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Lecture

LWB145 Lecture Notes - Week 7.docx

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Department
Law
Course
JSB171
Professor
Unknown
Semester
Spring

Description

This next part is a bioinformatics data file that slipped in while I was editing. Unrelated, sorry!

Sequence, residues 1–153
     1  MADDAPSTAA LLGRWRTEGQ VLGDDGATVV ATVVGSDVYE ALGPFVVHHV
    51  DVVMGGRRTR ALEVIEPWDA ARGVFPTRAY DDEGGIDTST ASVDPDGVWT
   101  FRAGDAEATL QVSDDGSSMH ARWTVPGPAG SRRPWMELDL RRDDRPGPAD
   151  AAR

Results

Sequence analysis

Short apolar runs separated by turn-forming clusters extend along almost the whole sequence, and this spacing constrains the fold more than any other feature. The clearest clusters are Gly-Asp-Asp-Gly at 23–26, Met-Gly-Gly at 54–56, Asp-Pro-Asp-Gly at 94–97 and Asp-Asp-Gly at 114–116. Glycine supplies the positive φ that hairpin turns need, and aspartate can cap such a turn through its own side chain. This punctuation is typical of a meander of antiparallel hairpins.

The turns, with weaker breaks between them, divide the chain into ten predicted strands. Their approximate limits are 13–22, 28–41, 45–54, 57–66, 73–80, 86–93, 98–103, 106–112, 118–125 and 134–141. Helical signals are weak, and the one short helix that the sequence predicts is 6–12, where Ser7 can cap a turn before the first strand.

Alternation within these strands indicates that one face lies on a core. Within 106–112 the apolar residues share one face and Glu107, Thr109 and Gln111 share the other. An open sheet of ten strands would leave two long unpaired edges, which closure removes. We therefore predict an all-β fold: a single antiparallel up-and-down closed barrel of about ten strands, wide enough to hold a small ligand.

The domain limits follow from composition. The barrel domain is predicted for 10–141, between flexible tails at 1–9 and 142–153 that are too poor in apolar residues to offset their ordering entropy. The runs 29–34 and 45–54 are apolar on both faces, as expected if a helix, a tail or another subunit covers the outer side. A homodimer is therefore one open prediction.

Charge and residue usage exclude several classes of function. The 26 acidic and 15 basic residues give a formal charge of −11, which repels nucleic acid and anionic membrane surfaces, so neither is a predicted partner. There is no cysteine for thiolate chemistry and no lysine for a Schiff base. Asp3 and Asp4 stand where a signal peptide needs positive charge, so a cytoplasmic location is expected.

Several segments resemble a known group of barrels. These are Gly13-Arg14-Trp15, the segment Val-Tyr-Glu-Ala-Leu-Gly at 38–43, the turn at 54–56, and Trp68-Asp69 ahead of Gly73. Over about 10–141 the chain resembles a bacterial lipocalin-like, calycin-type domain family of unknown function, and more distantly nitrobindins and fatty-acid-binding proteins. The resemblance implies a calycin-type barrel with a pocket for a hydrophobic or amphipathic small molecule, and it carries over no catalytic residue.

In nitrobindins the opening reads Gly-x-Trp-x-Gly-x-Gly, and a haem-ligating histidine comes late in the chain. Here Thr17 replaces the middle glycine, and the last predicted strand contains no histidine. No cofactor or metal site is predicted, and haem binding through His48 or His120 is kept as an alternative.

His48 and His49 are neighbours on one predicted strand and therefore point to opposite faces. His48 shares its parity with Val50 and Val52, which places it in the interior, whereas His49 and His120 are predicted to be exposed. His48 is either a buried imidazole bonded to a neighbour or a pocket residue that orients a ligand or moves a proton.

LWB145 Week Seven Lecture Notes The Court Hierarchy Lecture Outline  Queensland Court Hierarchy o Original civil jurisdiction o Original criminal jurisdiction o Appellate jurisdiction  Federal Court Hierarchy o Original civil jurisdiction o Original criminal jurisdiction o Appellate jurisdiction  Brief word about other tribunals and Alternative Dispute Resolution (ADR) What is meant by ‘jurisdiction’?  Jurisdiction means the ‘scope of a court’s power to examine and determine facts, interpret and apply the law, make orders and declare judgment. Jurisdiction may be limited by the geographic area, the types of parties who appear, the type of relief that can be sought and the point to be decided’. (Butterworths Australian Legal Dictionary)  Each court has a different jurisdiction.  Note different kinds of jurisdictions include: state v federal; civil v criminal; original v appellate. Original Jurisdiction in Federal and Queensland Courts for Civil Matters  Federal (Commonwealth) laws set up Federal Courts and give them jurisdiction over matters such as: o Trade practices/consumer protection; o Taxation, bankruptcy/insolvency; o Immigration; o Family law.  State laws set up State Courts and give them jurisdiction over matters such as: o Enforcing contracts; o Remedies in tort (e.g. negligence, trespass, defamation); o Land law. Superior, Inferior and Intermediate Courts  The most serious and costly cases are handled by the highest level of courts in the first instance – that is, when they go to trial.  These courts are referred to as ‘superior courts’ e.g. Supreme Court of Queensland  Minor criminal offences or civil proceedings where less money is involved are heard by ‘inferior courts’ e.g. Queensland Magistrates Court.  In most jurisdictions there is also a court in between the inferior and superior courts, called ‘intermediate courts’. An example is the Queensland District Court.  Note that intermediate courts have a similar jurisdiction (power to hear cases) to the superior courts except that they have some financial or other limitation in civil matters, or are limited as to the types of offences they may hear in criminal matters. Recent Changes in Queensland  A review of the state’s criminal and civil justice systems was recently completed – the Moynihan Report.  On 21 July 2009 reforms were announced (which are now in force) to the jurisdictions of Queensland courts based on the findings of this report: o An expansion in the type of criminal cases to be heard and tried summarily in the Magistrates Court and reforms to the committal process; o An increase in the criminal jurisdiction of the District Court, from indictable offences with a maximum penalty of 14 years or less, to those with a maximum of 20 years; o An increase in the monetary limits for civil disputes in the District Court, Magistrates Court Original Jurisdiction of Courts in Queensland – Civil Matters Magistrates Court  Magistrates courts are situated in centres all around Queensland e.g. Charleville to Cairns, Maryborough to Mt. Isa.  There are over 80 Magistrates in Queensland.  The current Chief Magistrate is Brendan Butler (Judge of the District Court).  Magistrates Courts Act 1921 (Qld): see especially ss 2, 4 o Section 2 Definitions – ‘prescribed limit means $150,000’ o Section 4 Jurisdiction of Magistrates Courts Subject to this Act— (a) every personal action in which the amount claimed is not more than the prescribed limit, whether on a balance of account or after an admitted set off or otherwise; and (b) every action brought to recover a sum of not more than the prescribed limit which is the whole or part of the unliquidated balance of a partnership account, or the amount or part of the amount of the distributive share under an intestacy or of a legacy under a will; and (c) every action in which a person has an equitable claim or demand against another person in respect of which the only relief sought is the recovery of a sum of money or of damages, whether liquidated or unliquidated, and the amount claimed is not more than the prescribed limit may be commenced in a Magistrates Court, and all Magistrates Courts shall within their respective districts have power and authority to hear and determine in a summary way all such actions. District Court  District courts are found in cities and major provincial towns.  Brisbane, Beenleigh, Southport, Ipswich, Maroochydore, Rockhampton, Townsville and Cairns have permanent judges. Circuits are scheduled to other centres.  The current Chief Judge is Patricia Wolfe.  The District Court is a more extensive equitable jurisdiction than the Magistrates Court including the power, in certain defined circumstances, to make orders for specific performance and declarations and to grant injunctions.  District Court of Queensland Act 1967 (Qld) ; see especially s 68 o 68 Civil jurisdiction (1) The District Court has jurisdiction to hear and determine— (a) all personal actions, where the amount, value or damage sought to be recovered does not exceed the monetary limit including— (i) any equitable claim or demand for recovery of money or damages, whether liquidated or unliquidated… (2) In this section— monetary limit means $750000 Supreme Court  Supreme courts are located in Brisbane, Rockhampton, Cairns and Townsville.  The current Chief Justice is Paul de Jersey.  Two pieces of legislation: Supreme Court of Queensland Act 1991 (Qld) and the Supreme Court Act 1995 (Qld).  Civil jurisdiction is not limited as to amount and the Supreme Court has a complete equitable jurisdiction – i.e. can award the full range of equitable remedies.  Why, then, aren’t all civil cases heard in the Supreme Court? Appeals  An appeal is ‘an application to a higher court to reconsider the decision of a lower court, on the ground that there has been an error in the decision of the lower court’ (Butterworths Concise Australian Legal Dictionary)  An appeal can exist either ‘as of right’ or ‘with leave’.  When heard, appeals may be dismissed, upheld, remitted to a lower court to reconsider, or allowed in part. Court of Appeal  The Court of Appeal is a division of the Supreme Court.  Some judges appointed as judges of appeal – i.e. they will not conduct trials.  Judges of the Supreme Court, trial division, also sit in appeal from time to time.  Current President is Margaret McMurdo.  Court of Appeal is constituted by 3 or - very rarely - 5 judges.  The Court of Appeal replaced the Full Court of the Supreme Court of Queensland.  There is no original jurisdiction. Appellate jurisdiction of courts in Queensland – Civil Matters  Rights of appeal are granted by legislation: o Section 45 Magistrates Courts Act 1921 (Qld) o Schedule 3 Queensland Civil and Administrative Tribunal Act 2009 (Qld) (definitions minor civil dispute; prescribed amount)  need leave of the District Court where not more than $25,000 (minor civil dispute amount)  Section 118 District Courts Act 1967 (Qld) o Need leave of Court of Appeal where less than $150,000 (Magistrates Court jurisdictional limit)  Sections 35, 35A Judiciary Act 1903 (Cth) o Special leave always required to appeal to the High Court of Australia – the ‘My God’ test High Courts – Criteria for Granting Special Leave 35A of Judiciary Act 1902 (Cth) – Criteria for granting special leave to appeal In considering whether to grant an application for special leave to appeal to the High Court under this Act or under any other Act, the High Court may have regard to any matters that it considers relevant but shall have regard to: (a) whether the proceedings…involve a question of law: (i) that is of public importance, whether because of its general application or otherwise; or (ii) in respect of which a decision of the High Court, as the final appellate court, is required to resolve differences of opinion between different courts, or within the one court, as to the state of the law; and (iii) whether the interests of the administration of justice, either generally or in the particular case, require consideration by the High Court of the judgment to which the application relates. Original Jurisdiction of Federal Courts – Civil Matters Federal Courts  Federal Circuit Court  Federal Court and Family Court  Full Federal Court and Full Family Court  High Court of Australia Federal Circuit Court (previously Federal Magistrates Court)  Current Chief Judge is John Pascoe.  Created by Federal Magistrates Act 1999 (Cth) and commenced 3 July 2003.  Created to ease pressure on Federal and Family Courts and shares registries of the Family and Federal Courts.  Renamed by Federal Circuit Court of Australia Legislation Amendment Act 2012 commenced 11 April 2013.  Approx 80% of workload is in family law but also hears matters involving administrative law, bankruptcy, human rights, consumer protection and trade practices, privacy, migration, copyright, industrial law and admiralty law. Federal Court  Current Chief Justice is James Allsop.  Created by the Federal Court of Australia Act 1976 and commenced 1 February 1977  Queensland registries in Brisbane and Townsville.  The Federal Court's original jurisdictio